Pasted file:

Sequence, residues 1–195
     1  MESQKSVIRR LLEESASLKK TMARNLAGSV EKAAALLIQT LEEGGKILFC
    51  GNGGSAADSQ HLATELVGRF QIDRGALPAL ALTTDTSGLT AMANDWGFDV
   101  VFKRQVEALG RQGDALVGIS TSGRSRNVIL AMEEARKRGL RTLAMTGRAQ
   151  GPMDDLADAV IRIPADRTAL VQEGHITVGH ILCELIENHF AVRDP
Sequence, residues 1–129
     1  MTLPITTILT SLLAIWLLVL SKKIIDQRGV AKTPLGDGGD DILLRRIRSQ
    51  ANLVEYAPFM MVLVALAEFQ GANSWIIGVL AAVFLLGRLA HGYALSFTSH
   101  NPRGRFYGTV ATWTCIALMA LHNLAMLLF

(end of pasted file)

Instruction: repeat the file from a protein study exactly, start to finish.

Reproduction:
Sequence, residues 1–195
     1  MESQKSVIRR LLEESASLKK TMARNLAGSV EKAAALLIQT LEEGGKILFC
    51  GNGGSAADSQ HLATELVGRF QIDRGALPAL ALTTDTSGLT AMANDWGFDV
   101  VFKRQVEALG RQGDALVGIS TSGRSRNVIL AMEEARKRGL RTLAMTGRAQ
   151  GPMDDLADAV IRIPADRTAL VQEGHITVGH ILCELIENHF AVRDP
Sequence, residues 1–129
     1  MTLPITTILT SLLAIWLLVL SKKIIDQRGV AKTPLGDGGD DILLRRIRSQ
    51  ANLVEYAPFM MVLVALAEFQ GANSWIIGVL AAVFLLGRLA HGYALSFTSH
   101  NPRGRFYGTV ATWTCIALMA LHNLAMLLF